Today is the final day of our Webathon, and we've been so lucky this year. We know 2020 absolutely sucked for many of you in so many ways, but more than 1,200 of you still managed to find some loose change in the cushions of that couch you haven't left for months. For that, we are very grateful.
We are doubly (ha!) grateful to the folks who offered and participated in our challenge grants. We still have a little time left today on our final $100,000 grant, so take this moment to give a tax-deductible donation and double your money while also legally evading the taxman.
Besides our magic powers to turn your dollars into doppelgangers, why should you give to Reason? I already told you the story of Elias Zarate, the barber whose troubles inspired a crew of people to take action to fix bad licensing laws. But I want to tell you a couple more stories of how solid reporting can lead to reform—and how long that process can take. Tennessee finally passed drug-free school zone reforms while explicitly citing work done years ago by Reason Reporter C.J. Ciaramella and co-author Lauren Krisai. Chicago reformed its vehicle impound program at long last, too. Both stories were broken wide open by Reason. Two of the people Reason profiled in our 2017 Florida opioid investigation were released early from prison this year as well. This year, Ciaramella reported on the detrimental presence of police officers in schools as well as flagrant abuses within Alabama women's prisons; both stories we hope will bear fruit in eventual reform.
There is still much more work to be done. Freedom of Information Act requests take time. Data scraping and crunching takes time. We're lucky to have talented people who have the lightly obsessive personality required to see those inquiries through to the end, and we're lucky to have your help in supporting their work.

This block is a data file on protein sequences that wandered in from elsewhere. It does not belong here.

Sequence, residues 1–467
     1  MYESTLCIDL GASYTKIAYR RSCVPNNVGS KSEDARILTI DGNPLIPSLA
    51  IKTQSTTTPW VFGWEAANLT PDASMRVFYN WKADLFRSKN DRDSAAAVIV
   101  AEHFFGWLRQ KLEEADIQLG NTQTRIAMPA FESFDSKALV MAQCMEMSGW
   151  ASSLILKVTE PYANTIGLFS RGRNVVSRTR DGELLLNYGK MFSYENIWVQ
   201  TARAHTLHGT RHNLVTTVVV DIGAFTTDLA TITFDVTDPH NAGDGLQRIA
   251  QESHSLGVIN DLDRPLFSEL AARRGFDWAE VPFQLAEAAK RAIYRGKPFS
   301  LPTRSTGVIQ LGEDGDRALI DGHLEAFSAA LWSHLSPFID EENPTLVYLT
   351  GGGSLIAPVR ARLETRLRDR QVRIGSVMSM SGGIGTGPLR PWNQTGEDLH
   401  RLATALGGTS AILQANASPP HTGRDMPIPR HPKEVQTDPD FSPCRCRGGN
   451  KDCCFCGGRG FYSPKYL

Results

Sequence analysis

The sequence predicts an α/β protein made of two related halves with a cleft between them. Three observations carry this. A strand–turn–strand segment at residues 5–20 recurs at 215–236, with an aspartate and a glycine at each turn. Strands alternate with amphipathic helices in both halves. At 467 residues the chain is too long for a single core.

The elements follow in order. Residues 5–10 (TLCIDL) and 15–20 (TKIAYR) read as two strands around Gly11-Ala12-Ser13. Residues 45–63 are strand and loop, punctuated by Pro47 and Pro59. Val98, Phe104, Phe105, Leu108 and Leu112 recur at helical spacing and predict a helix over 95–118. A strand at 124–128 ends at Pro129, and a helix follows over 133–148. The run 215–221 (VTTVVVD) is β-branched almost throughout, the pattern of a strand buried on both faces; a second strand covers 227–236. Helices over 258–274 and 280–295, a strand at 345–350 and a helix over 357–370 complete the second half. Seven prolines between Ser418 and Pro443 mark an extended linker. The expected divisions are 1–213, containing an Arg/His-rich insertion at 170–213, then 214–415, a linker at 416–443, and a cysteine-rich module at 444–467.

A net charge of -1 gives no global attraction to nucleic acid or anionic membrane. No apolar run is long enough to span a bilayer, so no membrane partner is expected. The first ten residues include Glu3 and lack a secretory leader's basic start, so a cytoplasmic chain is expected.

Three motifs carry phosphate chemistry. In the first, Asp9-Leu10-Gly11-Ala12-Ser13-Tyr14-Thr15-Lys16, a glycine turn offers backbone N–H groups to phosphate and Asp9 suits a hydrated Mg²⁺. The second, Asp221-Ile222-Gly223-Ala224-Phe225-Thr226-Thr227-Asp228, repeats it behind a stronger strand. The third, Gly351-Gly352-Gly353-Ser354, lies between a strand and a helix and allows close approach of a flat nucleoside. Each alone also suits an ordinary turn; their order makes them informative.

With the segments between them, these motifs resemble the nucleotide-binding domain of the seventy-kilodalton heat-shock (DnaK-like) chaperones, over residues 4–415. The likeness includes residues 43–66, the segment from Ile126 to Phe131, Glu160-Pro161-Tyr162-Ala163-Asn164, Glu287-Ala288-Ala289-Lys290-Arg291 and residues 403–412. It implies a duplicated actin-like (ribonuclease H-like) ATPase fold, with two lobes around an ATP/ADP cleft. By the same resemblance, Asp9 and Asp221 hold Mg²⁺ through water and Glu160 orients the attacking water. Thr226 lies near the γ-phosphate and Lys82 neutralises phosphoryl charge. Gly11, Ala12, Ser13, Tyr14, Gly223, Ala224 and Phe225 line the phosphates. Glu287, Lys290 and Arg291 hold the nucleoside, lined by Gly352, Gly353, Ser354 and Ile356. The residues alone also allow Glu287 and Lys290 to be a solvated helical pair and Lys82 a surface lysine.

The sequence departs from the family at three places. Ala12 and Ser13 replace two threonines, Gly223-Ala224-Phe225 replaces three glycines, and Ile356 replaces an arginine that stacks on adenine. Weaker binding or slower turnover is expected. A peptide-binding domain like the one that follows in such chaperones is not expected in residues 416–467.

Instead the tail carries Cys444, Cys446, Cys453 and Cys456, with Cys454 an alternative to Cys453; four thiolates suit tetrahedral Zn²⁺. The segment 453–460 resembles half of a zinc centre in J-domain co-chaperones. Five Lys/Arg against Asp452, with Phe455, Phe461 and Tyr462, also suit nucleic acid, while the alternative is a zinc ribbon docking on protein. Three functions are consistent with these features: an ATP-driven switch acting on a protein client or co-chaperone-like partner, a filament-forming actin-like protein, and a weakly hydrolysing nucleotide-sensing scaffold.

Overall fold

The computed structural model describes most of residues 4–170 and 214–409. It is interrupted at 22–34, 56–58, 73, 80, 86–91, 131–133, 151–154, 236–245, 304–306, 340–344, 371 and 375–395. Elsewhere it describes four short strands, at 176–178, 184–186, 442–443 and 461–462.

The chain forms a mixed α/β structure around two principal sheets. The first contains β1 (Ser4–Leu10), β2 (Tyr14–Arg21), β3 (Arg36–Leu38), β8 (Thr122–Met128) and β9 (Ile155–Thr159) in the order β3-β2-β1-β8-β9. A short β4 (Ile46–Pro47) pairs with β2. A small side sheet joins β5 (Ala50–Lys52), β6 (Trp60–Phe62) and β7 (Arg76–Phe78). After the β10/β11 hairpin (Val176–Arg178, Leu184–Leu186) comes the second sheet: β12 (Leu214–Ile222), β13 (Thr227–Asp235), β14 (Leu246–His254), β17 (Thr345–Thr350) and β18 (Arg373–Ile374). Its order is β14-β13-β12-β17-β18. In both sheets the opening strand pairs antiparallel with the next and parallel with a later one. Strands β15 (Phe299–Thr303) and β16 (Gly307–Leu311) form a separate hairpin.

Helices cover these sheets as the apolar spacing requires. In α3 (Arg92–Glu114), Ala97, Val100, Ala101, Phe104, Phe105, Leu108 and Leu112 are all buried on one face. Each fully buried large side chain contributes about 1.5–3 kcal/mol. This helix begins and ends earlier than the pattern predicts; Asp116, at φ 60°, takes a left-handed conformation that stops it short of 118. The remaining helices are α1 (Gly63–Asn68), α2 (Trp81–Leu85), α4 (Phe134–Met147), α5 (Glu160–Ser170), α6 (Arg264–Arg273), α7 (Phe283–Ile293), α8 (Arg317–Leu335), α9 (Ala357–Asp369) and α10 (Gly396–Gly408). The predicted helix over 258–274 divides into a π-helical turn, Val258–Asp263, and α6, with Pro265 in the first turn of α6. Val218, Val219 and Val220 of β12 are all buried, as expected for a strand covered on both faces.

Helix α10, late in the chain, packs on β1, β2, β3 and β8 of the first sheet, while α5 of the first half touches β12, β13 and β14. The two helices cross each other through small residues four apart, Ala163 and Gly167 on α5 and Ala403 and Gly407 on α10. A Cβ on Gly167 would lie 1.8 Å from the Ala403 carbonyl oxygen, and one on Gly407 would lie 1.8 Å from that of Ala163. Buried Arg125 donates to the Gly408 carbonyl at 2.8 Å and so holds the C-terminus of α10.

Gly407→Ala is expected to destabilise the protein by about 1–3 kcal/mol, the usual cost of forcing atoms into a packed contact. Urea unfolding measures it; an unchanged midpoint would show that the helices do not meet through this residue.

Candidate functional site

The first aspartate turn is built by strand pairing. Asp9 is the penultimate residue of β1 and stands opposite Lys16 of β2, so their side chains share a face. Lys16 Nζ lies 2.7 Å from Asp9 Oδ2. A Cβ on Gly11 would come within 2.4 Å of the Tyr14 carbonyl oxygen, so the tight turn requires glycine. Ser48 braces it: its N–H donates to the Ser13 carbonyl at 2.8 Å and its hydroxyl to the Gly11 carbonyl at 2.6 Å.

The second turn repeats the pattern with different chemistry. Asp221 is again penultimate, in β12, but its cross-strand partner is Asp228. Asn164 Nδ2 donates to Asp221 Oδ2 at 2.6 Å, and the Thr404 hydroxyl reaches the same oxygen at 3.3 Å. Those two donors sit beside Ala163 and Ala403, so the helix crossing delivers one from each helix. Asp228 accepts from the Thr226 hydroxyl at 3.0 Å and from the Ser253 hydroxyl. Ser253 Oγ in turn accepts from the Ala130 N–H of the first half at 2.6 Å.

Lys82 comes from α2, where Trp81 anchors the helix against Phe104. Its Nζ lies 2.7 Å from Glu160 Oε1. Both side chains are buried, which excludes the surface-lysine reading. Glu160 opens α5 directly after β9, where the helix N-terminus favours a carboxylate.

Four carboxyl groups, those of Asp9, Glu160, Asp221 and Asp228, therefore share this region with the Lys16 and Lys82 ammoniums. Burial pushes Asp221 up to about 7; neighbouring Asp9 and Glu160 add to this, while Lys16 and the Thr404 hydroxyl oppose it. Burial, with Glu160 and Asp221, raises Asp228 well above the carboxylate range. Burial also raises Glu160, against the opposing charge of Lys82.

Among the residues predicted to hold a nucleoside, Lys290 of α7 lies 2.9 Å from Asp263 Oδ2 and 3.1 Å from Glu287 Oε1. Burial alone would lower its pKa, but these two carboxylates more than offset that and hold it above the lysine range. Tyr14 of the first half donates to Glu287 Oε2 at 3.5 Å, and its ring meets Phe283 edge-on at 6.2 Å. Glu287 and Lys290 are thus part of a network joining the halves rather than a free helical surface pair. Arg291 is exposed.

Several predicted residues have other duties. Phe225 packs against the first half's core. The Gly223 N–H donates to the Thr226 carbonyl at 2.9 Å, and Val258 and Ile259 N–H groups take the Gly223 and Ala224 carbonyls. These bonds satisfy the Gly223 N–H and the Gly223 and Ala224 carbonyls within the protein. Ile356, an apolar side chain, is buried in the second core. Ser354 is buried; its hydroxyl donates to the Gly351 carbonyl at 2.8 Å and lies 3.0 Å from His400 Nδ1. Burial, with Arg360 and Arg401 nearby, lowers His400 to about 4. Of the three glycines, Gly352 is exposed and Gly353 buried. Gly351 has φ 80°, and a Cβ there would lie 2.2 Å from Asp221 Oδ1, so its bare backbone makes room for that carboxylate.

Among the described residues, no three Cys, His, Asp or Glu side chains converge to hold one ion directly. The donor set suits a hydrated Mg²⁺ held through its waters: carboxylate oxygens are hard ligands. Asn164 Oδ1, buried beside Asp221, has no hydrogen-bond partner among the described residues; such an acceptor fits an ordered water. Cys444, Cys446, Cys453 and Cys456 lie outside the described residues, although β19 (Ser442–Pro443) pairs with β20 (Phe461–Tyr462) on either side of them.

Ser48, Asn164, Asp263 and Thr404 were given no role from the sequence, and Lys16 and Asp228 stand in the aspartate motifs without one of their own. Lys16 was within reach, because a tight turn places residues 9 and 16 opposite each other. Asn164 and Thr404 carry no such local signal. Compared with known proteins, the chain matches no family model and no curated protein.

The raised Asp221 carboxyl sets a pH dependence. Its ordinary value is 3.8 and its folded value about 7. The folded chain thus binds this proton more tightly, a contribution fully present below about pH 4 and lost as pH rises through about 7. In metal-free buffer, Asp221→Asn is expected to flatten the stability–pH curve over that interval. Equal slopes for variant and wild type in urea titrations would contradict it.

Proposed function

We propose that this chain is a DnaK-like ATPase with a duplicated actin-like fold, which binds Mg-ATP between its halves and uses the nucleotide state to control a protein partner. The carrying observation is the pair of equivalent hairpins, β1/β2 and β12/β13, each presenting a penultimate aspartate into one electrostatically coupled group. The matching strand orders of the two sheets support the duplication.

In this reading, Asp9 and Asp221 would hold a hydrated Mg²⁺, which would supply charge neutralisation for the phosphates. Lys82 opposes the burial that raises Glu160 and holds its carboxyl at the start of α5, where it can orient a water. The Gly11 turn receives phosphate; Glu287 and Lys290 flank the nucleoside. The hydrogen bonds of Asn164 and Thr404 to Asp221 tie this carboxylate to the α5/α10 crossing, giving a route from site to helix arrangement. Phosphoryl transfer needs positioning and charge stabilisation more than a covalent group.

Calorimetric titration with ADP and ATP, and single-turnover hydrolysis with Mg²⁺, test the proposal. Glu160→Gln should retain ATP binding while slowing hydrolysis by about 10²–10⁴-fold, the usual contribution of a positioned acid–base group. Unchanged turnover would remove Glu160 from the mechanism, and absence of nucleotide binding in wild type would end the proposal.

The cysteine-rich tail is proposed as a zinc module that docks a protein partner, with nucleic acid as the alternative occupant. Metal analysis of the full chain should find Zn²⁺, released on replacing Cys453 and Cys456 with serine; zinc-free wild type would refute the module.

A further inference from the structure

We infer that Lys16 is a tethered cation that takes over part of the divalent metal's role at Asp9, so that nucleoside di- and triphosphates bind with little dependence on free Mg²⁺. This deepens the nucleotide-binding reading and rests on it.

At the end of the Webathon, we like to share testimonials from donors. This one caught my eye this year. Libertarians, at least some of them, are born, not made. For decades, Reason has been helping people—including Drew Carey and John Stossel—figure out where they fit. This week we got a donation from someone who wrote:
I'd like to thank you for your work this year. I'm one of many people that found themselves politically homeless after all that's gone on over the past few years, with 2020 accelerating those feelings. I'd always thought of myself as sort of a standard, left-of-center type, but I now realize that I'm much more libertarian than liberal. Much of that is due to what's happened this year. It started with questioning lockdowns and business closures from a civil liberties perspective. I came here for perspective I didn't see represented in "mainstream" media. But as I read pieces on other topics, I found the new perspective on them refreshing. In short, I'm a convert. Now, if asked my political affiliation, I'd answer "small-l libertarian." Thank you.
Nope! Thank YOU. Reason is made possible through the support of people who donate their hard-earned cash. But you're also supporting Reason every single time you read, watch, or listen to something we publish. Our mission is to get libertarian ideas out there; hash them out; make them stronger through original reporting, research, and debate; and introduce more people to them—because you never know who might be in a position to effect lasting change. Just tweeting something from Reason or chatting about one of our podcasts with someone at dinner is a major contribution to Reason. Liking a video on YouTube or sharing a post on Facebook helps us meet our goals and support our mission of making the world safe for free minds and free markets. So even if you don't have a ton of cash to donate, we appreciate your willingness to share a little space in your brain and in your day with us. Seriously, thank you.
Of course, we wouldn't say no to cash money either.